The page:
If you are having surgery or a procedure, you will likely be scheduled for a visit to the Weiner Center for Preoperative Evaluation for pre-operative information and tests.

The day of surgery, you will be taken care of in the operating room by surgeons, anesthesiologists and nurses who specialize in surgery for patients with gallstones or bile duct stones. After surgery you will go to the post-surgical care unit where you will receive comprehensive care by an experienced surgical and nursing staff.

Learn more about your hospital stay and returning home.

Multidisciplinary Care

Brigham and Women's Hospital provides a multidisciplinary approach to patient care, collaborating with colleagues who have extensive experience in diagnosing and treating gallstones and bile duct stones. In addition, patients have full access to BWH's world-renowned academic medical community with its diverse specialists and state-of-the-art facilities.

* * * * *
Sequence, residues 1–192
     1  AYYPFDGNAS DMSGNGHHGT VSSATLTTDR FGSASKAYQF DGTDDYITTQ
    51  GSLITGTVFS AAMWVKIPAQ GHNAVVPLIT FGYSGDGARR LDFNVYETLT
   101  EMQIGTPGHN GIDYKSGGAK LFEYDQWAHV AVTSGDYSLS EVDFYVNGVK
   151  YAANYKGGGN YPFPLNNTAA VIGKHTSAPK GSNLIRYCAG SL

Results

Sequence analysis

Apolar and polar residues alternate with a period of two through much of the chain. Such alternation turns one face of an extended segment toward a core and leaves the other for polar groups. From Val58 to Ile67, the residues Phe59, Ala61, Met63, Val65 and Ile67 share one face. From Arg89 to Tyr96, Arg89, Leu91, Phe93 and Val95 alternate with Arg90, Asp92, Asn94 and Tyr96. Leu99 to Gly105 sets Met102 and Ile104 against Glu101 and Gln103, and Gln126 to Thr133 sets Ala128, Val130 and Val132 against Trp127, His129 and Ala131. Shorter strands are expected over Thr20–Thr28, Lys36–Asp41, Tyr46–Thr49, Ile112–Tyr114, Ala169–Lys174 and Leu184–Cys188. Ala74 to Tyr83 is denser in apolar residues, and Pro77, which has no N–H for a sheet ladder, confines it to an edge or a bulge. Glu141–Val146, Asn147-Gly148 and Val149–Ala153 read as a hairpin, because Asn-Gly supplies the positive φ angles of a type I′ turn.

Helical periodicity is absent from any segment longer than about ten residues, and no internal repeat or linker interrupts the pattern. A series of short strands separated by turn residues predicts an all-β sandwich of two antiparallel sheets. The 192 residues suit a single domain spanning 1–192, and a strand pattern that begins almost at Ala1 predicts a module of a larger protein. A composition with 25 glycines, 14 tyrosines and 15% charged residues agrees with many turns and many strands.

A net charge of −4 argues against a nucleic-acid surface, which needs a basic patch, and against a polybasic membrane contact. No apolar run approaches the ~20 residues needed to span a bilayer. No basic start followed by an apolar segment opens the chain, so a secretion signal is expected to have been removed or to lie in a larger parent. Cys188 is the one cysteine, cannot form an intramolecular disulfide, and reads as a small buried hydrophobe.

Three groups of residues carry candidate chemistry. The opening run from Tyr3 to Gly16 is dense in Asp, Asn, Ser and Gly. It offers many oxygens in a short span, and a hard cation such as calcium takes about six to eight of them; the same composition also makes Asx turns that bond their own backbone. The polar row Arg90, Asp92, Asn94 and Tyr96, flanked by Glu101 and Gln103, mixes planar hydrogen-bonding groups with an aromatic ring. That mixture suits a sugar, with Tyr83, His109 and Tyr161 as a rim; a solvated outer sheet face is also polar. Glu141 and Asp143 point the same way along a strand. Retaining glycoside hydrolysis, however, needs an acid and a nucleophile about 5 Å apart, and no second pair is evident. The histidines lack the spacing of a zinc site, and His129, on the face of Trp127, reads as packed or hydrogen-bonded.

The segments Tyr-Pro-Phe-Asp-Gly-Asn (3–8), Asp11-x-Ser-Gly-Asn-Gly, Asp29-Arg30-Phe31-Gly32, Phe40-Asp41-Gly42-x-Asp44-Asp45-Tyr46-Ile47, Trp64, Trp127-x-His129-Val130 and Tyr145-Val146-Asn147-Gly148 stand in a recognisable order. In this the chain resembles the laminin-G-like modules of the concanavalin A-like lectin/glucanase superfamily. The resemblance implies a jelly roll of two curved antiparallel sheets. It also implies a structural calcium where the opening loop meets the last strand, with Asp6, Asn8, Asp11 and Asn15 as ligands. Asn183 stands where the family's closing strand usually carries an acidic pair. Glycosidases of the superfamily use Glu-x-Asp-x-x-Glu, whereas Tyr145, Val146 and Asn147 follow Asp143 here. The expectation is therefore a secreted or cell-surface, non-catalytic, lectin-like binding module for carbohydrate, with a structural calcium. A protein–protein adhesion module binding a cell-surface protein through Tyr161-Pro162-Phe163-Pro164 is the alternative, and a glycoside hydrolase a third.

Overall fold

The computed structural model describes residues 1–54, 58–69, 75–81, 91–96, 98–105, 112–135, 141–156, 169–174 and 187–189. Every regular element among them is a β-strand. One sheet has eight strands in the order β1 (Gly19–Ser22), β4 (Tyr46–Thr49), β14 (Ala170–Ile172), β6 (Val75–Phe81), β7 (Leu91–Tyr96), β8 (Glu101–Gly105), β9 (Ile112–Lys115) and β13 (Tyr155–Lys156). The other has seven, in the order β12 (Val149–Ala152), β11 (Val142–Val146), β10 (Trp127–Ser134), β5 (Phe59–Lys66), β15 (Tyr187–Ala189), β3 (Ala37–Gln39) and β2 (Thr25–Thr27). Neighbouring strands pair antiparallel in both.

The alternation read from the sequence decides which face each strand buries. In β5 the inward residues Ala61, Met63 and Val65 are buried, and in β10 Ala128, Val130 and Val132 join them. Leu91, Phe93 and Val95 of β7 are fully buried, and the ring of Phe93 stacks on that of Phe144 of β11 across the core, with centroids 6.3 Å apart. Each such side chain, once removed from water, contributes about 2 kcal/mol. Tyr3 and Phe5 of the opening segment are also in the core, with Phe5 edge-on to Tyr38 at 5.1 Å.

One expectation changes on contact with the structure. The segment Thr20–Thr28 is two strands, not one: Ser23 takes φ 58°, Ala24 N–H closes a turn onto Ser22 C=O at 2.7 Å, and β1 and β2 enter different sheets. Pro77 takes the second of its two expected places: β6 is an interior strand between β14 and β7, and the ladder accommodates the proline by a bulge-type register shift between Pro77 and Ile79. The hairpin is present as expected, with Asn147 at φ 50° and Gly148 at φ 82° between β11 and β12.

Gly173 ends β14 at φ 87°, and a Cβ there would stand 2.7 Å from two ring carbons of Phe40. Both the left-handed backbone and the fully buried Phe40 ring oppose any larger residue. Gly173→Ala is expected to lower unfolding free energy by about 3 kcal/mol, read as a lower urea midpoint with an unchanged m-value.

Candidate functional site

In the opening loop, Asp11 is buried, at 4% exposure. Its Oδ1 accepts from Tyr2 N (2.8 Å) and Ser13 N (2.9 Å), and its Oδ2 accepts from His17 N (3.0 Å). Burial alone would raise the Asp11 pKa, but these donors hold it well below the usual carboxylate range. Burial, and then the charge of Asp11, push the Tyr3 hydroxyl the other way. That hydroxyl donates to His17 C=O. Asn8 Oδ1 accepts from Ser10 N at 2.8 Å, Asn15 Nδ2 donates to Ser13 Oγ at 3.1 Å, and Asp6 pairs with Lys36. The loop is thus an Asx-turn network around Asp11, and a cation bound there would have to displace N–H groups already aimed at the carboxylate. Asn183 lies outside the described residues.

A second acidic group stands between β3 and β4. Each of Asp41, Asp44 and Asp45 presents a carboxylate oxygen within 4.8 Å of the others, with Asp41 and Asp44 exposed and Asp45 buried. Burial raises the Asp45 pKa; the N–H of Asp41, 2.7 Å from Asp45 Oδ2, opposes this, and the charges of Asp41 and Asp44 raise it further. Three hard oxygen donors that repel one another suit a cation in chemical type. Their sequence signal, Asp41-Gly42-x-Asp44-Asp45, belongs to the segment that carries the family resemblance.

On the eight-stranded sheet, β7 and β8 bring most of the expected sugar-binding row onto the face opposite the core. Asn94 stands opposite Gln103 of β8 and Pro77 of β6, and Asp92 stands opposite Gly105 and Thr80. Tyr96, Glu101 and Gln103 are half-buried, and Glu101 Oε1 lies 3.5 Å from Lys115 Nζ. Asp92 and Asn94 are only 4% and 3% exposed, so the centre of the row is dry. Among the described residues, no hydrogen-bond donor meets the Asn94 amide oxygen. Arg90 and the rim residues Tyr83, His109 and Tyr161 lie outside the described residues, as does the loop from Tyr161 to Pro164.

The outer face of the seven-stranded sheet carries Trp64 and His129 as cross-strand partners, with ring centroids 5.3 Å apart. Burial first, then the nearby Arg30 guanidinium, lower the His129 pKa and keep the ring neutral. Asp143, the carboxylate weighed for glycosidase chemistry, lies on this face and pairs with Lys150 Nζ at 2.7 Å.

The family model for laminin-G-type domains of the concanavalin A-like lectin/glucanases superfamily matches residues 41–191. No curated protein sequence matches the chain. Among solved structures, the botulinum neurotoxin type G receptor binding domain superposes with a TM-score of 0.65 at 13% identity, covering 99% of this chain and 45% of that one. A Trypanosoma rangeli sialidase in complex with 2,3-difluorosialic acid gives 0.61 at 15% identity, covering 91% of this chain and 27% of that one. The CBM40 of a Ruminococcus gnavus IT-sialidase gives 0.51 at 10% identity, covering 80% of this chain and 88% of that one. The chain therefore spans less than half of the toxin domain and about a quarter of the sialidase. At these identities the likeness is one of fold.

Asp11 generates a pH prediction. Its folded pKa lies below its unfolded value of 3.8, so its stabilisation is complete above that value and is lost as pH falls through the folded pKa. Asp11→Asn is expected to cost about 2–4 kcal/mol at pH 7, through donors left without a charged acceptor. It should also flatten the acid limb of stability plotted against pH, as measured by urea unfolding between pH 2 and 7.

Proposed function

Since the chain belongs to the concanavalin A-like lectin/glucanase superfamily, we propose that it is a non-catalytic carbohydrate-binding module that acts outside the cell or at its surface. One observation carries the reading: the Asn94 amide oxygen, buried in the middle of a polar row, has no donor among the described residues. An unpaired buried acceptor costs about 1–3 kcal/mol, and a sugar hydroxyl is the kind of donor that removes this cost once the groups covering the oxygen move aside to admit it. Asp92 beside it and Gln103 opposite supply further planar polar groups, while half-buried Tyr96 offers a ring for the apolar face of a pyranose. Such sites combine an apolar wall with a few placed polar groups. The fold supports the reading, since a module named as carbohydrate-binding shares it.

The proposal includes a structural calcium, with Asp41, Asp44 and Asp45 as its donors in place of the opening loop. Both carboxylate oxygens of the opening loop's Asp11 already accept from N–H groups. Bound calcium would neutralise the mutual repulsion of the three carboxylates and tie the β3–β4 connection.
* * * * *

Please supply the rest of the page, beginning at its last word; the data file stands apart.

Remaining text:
General and Gastrointestinal Surgery Appointments and Locations


Go to our health library to learn more about gallstones and bile duct stones.

Visit the Kessler Health Education Library in the Bretholtz Center for Patients and Families to access computers and knowledgeable staff.

Visit the Weiner Center for Preoperative Evaluation.